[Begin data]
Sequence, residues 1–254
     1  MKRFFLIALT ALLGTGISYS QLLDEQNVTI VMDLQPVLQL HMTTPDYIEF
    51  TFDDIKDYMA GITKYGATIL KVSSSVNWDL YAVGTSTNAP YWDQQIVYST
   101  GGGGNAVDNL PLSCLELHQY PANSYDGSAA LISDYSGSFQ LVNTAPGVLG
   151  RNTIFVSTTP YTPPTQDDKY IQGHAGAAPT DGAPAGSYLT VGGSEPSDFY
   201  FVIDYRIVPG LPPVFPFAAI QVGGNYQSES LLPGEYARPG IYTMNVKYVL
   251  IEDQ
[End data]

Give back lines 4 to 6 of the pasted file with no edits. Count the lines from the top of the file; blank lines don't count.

   101  GGGGNAVDNL PLSCLELHQY PANSYDGSAA LISDYSGSFQ LVNTAPGVLG
   151  RNTIFVSTTP YTPPTQDDKY IQGHAGAAPT DGAPAGSYLT VGGSEPSDFY
   201  FVIDYRIVPG LPPVFPFAAI QVGGNYQSES LLPGEYARPG IYTMNVKYVL